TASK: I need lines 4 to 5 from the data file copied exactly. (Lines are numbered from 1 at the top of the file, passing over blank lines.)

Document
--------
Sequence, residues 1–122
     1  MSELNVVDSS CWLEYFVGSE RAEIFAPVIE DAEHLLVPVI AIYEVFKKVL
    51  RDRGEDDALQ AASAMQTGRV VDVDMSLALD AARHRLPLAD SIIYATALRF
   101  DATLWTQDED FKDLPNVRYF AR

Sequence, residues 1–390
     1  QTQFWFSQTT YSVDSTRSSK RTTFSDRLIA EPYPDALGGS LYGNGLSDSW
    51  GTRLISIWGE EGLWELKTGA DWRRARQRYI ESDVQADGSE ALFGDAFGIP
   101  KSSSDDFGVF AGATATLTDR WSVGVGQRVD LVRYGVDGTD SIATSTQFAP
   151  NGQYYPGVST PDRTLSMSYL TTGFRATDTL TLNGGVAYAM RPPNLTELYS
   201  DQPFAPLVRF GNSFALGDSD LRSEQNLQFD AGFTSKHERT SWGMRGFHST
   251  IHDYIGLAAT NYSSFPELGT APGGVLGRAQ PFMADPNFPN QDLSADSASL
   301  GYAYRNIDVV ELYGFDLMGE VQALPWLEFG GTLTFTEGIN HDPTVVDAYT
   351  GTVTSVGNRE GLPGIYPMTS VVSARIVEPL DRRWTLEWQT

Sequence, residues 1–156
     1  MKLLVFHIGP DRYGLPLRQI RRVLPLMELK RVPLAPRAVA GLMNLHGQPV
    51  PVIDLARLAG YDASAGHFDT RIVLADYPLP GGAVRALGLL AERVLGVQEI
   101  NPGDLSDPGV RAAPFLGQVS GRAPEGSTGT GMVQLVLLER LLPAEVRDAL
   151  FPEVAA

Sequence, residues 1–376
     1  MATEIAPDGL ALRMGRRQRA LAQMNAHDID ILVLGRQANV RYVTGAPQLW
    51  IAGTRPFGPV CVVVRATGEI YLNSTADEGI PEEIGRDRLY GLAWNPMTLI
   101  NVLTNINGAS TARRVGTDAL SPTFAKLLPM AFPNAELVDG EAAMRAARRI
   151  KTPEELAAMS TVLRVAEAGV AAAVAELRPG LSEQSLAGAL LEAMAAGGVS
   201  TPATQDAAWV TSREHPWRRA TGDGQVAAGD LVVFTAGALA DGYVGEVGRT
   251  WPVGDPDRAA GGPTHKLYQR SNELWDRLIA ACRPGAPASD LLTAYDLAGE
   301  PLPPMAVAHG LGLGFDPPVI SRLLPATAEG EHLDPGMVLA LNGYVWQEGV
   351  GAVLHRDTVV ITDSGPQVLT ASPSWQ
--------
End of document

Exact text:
   101  DATLWTQDED FKDLPNVRYF AR

Sequence, residues 1–390